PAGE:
Helicopter rescue efforts rely on 'top notch' maintenance crew

  • Published
  • By Staff Sgt. Heather Skinkle
  • 451st Air Expeditionary Wing Public Affairs
The 26th Expeditionary Rescue Squadron pararescuemen wouldn't scramble anywhere to save a patient without the 55th Expeditionary Helicopter Maintenance Unit members.

The often deployed crew is small and the work load can be heavy, but the engine Airmen here keep the HH-60G Pave Hawk's engines running at peak performance. Despite the work, or perhaps because of it, the Airmen haven't lost focus on why they're here.

"I like this unit's mission," said Staff Sgt. Nathan Dierkes, 55th EHMU aerospace propulsion NCO in charge, deployed from the 763rd Maintenance Squadron at Nellis Air Force Base, Nev. "I'm a small piece of the puzzle, but we save people's lives, whether it's soldiers or little kids."

Working that small piece of the puzzle involves twice the responsibility with less people. At home station, there are typically two separate shops, one for back shop maintenance and one on the flight line, said Dierkis. But here and at Nellis AFB, the engine Airmen handle both sets of responsibilities.

"I like doing both, getting flight line experience and troubleshooting problems, but I prefer the back shop," said Senior Airman Christopher Verzella, 55th EHMU aerospace propulsion journeyman, who has worked with Dierkis for the past six years. "I like taking everything apart and putting it back together."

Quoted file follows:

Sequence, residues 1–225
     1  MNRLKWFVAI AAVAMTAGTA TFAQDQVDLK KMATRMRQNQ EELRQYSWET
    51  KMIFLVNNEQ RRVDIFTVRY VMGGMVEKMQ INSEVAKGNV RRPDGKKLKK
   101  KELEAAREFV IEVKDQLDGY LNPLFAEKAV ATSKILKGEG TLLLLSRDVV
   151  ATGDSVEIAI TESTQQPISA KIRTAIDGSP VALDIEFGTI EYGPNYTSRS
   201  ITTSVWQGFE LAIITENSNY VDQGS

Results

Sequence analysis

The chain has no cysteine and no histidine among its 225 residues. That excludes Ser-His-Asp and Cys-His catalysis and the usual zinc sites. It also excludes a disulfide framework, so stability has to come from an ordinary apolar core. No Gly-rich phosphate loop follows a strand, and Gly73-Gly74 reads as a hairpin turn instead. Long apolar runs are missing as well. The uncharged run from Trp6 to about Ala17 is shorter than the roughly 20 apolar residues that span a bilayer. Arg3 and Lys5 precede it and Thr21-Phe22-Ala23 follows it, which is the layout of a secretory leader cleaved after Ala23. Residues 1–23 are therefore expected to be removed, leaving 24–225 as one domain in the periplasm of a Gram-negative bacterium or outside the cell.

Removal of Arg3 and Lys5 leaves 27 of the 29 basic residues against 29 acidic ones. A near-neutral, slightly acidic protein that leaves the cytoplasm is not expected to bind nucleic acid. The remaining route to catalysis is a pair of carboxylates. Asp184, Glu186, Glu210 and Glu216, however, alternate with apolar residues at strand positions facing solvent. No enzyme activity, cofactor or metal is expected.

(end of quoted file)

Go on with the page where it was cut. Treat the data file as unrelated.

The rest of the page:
They get lots of practice at putting things back together because of the desert's extreme conditions. In the U.S., an engine might last two years, but the life span in the area of responsibility can be severely shortened by sand and grit.

"We replaced two engines in seven days when we first arrived here," said Verzella. "It's unheard of that an engine would last only two months."

That's why spare engines and parts are kept in stock if an engine breaks unexpectedly. The unit keeps entire spare blades, engines, and tools on hand. If something isn't available it might be borrowed from the Army or even replicated, said Dierkis.

Parts aren't the only vital component to fixing an engine. Dierkis' expertise isn't in short supply and he offers it freely to help his fellow unit members so they better understand the HH-60 engines capabilities.

"He takes time to teach everyone and explain exactly what's going on and how important it is," said 1st Lt. Michael Losinski, 55th EHMU officer-in-charge. "He's a master of his trade."

When Dierkes first arrived he performed routine engine maintenance repairs but then U.S. Air Forces Central allowed Dierkes to complete an engine rebuild here. This saved the unit from a long turnaround time.

Despite knowing the engine inside and out, the two Airmen were still nervous as to the outcome of the engine's performance, they said.

"During the flight check I was on the edge of my seat hoping the engine would exceed performance expectations," said Verzella.

An engine functional check involves testing the maximum power output of the engine. Altitude, outside temperature, and other various data are taken into account to calculate the health of the engine.

"We need max power for the helicopter to get out of a landing zone," said Verzella.

The first engine rebuild and all subsequent ones have been successful. The Airmen didn't need to worry about the engine's performance since they brought their expertise to the fight.